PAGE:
Island rivers see water levels rise amid major rainfall, flood watch issued for Englishman River

Island rivers see water levels rise amid major rainfall, flood watch issued for Englishman River

The wild power of mother nature drew Steve Alphonse and his family to the edge of the Cowichan River Sunday, where gripping fishing spears, they stood in awe.

“It’s pretty ferocious,” said Alphonse, a Cowichan resident. “I think it’s extraordinary to see the river the way it is.”

The rain fell so hard and so fast on Sunday that many rivers up and down the Island were filled to the brim with fast-moving water, including the Cowichan River, which only a few months ago had dangerously low water levels.

On Sunday, the BC River Forecast Centre issued a flood watch for the Englishman River, near Parksville, noting that it has the potential to reach or exceed the flood stage.

“Rivers have risen rapidly from rainfall since yesterday. Additional rises are expected overnight and potentially into mid-to-late day Monday. Current modelling is indicating the potential for flows in the 2-year to 5-year range through most of the region, with locally higher amounts,” the BC River Forecast Centre said in a statement.

“On the Englishman River, flows are already high and additional rainfall forecasted for today is indicating the potential for the river to reach or exceed flood stage.”

Meanwhile, Inland Vancouver Island is bracing for up to 150 mm of rain before the atmospheric river moved through on Monday.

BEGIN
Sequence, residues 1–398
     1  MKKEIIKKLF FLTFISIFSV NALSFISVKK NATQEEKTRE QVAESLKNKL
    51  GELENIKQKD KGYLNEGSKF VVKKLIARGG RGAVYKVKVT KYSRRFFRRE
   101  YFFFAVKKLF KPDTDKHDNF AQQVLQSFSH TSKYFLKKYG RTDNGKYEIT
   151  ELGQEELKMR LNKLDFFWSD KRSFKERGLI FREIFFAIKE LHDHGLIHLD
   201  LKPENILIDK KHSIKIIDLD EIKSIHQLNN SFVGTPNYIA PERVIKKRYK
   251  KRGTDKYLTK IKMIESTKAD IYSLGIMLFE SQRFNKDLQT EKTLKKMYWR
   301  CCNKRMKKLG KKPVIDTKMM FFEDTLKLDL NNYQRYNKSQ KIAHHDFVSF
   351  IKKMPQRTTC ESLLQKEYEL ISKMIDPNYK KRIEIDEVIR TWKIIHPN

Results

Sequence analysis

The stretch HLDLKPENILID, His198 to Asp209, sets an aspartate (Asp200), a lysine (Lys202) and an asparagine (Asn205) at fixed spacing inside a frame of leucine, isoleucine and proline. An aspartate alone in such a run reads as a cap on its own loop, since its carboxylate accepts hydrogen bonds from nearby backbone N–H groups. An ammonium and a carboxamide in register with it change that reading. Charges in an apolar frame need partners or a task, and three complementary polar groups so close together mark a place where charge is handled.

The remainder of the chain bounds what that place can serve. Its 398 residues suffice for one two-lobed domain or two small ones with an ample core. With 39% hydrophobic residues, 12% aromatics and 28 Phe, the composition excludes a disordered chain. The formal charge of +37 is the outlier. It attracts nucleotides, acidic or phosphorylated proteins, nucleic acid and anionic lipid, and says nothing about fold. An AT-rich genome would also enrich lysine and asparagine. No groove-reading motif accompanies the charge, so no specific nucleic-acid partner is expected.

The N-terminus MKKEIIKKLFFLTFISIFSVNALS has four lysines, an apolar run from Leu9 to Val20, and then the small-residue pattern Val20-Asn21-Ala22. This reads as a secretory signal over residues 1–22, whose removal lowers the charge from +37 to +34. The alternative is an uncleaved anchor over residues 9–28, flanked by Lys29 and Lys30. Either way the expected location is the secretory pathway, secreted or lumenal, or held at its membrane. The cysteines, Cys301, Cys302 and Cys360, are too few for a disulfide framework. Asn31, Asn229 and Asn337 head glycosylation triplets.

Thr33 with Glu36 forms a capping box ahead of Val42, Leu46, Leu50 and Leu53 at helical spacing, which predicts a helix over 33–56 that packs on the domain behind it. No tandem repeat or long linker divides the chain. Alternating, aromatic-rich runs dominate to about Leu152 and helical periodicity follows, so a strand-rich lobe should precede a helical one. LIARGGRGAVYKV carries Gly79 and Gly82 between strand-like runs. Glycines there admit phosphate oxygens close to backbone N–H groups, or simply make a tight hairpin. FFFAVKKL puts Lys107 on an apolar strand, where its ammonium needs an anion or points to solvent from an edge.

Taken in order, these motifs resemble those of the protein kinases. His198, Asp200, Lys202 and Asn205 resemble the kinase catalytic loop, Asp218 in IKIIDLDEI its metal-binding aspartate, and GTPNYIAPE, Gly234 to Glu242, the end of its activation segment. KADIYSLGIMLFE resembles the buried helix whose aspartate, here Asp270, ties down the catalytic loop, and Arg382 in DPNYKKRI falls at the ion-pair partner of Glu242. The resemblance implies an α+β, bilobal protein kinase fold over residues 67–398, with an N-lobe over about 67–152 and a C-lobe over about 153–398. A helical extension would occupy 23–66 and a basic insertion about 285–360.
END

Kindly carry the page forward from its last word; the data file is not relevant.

“We gotta keep positive though and keep going I guess. No, I want to cry,” said France Bournazel, owner of Russell Farms Market in the Chemainus area.

The rainfall warning was a scary one for Bournazel, whose farm and market are alongside the fast-rising Chemainus River. Both the market and farm were devastated by its floodwaters in February 2020 and Bournazel said it appears to be happening all over.

“Right now, I want to close the market and go and move the tractors and move everything away, because the water is already going over,” said Bournazel. “It is what it is, now we just have to pray. It’s really frustrating.”

When the floods hit her farm and market in February, Bournazel had insurance but this time around, she said she has been refused flood insurance until the government rectifies the danger.

“I want it to be fixed. That’s enough. It’s not just me. It’s a lot of people around here we are all in the same boat,” said Bournazel.

So the hours ahead promised to be nervous ones for Bournazel and neighbours, as the extraordinary rains continued to fall and Island rivers rose.

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Skye RyanSkye Ryan

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